Sinking & Settling Concrete Slab Foundation Repair in the Province of Quebec
Causes & repair solutions for cracked, sinking concrete floors
Concrete slab piers can extend deep below the floor to reach competent supporting soils and permanently stabilize the floor.
Do you have a concrete slab floor that is showing signs of sinking, sagging, or settling? Are the walls separating from the floor below or ceiling above?
If you have a problem like this in your home, you could have a sinking or settling concrete floor slab. This problem can lead to cracks in floors and walls, uneven surfaces, and a weakened foundation.
Luckily, the foundation repair experts at Systèmes Sous-sol Québec can help you solve this problem permanently! We provide complete foundation repair solutions in Quebec City, Montreal, Laval and nearby areas in Quebec. Call us today to get a free estimate.
Signs Of Slab Settlement
When a floor slab settles, the damage can manifest itself in many ways. Along with cracks in the concrete, the floors can separate from the walls as they sink downwards. Alternatively, the interior wall may be pulled down with the floor, instead separating from the ceiling. Walls can also pull away from other walls, and interior wall cracks can form -- commonly off the corners of interior doors.
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What Causes A Concrete Floor Slab To Settle?
When a concrete floor settles, it can mean serious damage to your home. The causes of floor slab settlement are almost always due to the soils underneath being unable to support the weight of the concrete. They often accompany other foundation problems in your home.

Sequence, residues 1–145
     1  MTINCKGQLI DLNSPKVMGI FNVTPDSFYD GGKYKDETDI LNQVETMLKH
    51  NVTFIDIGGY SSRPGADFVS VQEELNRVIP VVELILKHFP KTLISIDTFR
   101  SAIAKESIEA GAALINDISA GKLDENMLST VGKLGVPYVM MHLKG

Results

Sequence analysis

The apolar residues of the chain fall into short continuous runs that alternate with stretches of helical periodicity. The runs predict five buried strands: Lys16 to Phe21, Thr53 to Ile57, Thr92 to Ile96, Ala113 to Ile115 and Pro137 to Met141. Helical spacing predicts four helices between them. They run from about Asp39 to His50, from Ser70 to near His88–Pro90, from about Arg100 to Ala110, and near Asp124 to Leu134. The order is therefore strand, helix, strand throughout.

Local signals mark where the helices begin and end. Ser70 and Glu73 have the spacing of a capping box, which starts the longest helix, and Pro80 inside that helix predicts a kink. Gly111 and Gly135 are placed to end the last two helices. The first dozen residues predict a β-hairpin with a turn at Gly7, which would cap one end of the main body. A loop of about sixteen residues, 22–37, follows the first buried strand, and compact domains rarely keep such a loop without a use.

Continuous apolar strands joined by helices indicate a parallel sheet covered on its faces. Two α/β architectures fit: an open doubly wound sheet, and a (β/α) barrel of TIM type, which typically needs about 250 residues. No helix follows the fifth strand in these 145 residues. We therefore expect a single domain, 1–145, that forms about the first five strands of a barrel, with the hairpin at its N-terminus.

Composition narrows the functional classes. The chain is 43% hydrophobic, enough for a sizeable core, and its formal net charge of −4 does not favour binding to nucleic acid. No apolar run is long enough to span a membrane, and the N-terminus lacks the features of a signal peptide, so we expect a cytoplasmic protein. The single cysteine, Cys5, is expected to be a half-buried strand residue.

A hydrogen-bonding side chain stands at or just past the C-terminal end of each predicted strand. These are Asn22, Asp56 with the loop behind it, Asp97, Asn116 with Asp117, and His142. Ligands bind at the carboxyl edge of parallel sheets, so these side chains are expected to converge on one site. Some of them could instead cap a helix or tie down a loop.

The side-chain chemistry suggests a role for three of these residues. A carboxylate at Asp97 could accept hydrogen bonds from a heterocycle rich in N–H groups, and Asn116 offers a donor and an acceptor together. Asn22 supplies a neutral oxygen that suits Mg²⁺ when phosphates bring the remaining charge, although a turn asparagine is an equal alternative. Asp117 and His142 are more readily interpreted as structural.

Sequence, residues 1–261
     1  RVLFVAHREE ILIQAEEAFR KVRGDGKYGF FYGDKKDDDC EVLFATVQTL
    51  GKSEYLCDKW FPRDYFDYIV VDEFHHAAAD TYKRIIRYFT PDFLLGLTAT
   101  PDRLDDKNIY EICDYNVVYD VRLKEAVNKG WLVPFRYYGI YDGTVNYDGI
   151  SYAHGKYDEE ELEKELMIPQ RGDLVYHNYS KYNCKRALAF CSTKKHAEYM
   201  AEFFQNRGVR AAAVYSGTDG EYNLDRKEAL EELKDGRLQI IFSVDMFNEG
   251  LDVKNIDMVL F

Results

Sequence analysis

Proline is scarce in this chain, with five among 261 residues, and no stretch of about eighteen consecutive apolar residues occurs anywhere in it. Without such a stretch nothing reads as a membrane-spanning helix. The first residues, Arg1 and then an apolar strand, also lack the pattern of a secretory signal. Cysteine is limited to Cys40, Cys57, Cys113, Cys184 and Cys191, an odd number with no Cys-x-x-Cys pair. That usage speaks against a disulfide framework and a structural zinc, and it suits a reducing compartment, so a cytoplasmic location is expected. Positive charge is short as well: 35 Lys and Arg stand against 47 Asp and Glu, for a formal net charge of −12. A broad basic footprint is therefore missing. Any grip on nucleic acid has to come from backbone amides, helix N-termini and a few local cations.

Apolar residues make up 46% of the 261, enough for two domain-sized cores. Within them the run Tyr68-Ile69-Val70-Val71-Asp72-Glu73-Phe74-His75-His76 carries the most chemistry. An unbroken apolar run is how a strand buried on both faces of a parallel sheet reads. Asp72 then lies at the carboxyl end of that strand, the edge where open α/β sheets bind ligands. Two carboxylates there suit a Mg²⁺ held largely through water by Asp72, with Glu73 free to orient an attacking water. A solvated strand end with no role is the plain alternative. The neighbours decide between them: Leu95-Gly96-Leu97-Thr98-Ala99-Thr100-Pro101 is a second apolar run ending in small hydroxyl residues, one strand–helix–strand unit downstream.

The three most common causes of settling concrete floor slabs are as follows:
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Drying/Shrinking Of Soils Under The Slab
Washout Of Soil Underneath The Slab
Poor Compaction Of Foundation Fill Soils
Installing The Supportworks Slab Pier System
We use foundation piers to stabilize the concrete floor slab in your home. This method provides the best opportunity to relevel the floor and lift non-load bearing partition walls that may have settled along with the slab. To install our system, our contractor will take these six steps:
Preparing for Installation
Before the installation day, a representative from our company will have already inspected your foundation issue. At that time, a foundation repair proposal was put in writing.
Your foundation repair experts will use that proposal to map out the locations where the slab piers will be installed. At the beginning of each slab pier installation, a small hole is cored through your concrete slab floor. This hole will create an access point for the slab piers that are about to be installed.
Position Slab Bracket
To give the slab pier something to "lift," a slab bracket is positioned beneath the concrete slab.
The Supportworks Slab Pier System uses a three-piece slab bracket that is assembled underneath your concrete floor, allowing for a much smaller hole to be cored in your concrete slab. Additionally, this larger bracket reaches across more area along your floor, creating a more even distribution of weight.
Install Steel Tubes
Steel tubes are hydraulically driven down through the bracket to the competent soils beneath.